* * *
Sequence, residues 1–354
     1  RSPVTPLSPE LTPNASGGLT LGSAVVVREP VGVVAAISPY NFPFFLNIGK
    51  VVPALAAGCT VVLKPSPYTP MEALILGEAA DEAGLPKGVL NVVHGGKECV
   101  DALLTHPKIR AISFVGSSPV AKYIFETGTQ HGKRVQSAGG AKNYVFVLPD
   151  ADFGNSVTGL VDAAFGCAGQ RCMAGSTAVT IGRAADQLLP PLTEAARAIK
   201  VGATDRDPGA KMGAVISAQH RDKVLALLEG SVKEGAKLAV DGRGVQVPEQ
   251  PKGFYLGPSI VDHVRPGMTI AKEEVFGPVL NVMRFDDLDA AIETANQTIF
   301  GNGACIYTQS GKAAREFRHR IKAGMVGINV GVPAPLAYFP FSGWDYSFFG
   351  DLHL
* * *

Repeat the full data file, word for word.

Sequence, residues 1–354
     1  RSPVTPLSPE LTPNASGGLT LGSAVVVREP VGVVAAISPY NFPFFLNIGK
    51  VVPALAAGCT VVLKPSPYTP MEALILGEAA DEAGLPKGVL NVVHGGKECV
   101  DALLTHPKIR AISFVGSSPV AKYIFETGTQ HGKRVQSAGG AKNYVFVLPD
   151  ADFGNSVTGL VDAAFGCAGQ RCMAGSTAVT IGRAADQLLP PLTEAARAIK
   201  VGATDRDPGA KMGAVISAQH RDKVLALLEG SVKEGAKLAV DGRGVQVPEQ
   251  PKGFYLGPSI VDHVRPGMTI AKEEVFGPVL NVMRFDDLDA AIETANQTIF
   301  GNGACIYTQS GKAAREFRHR IKAGMVGINV GVPAPLAYFP FSGWDYSFFG
   351  DLHL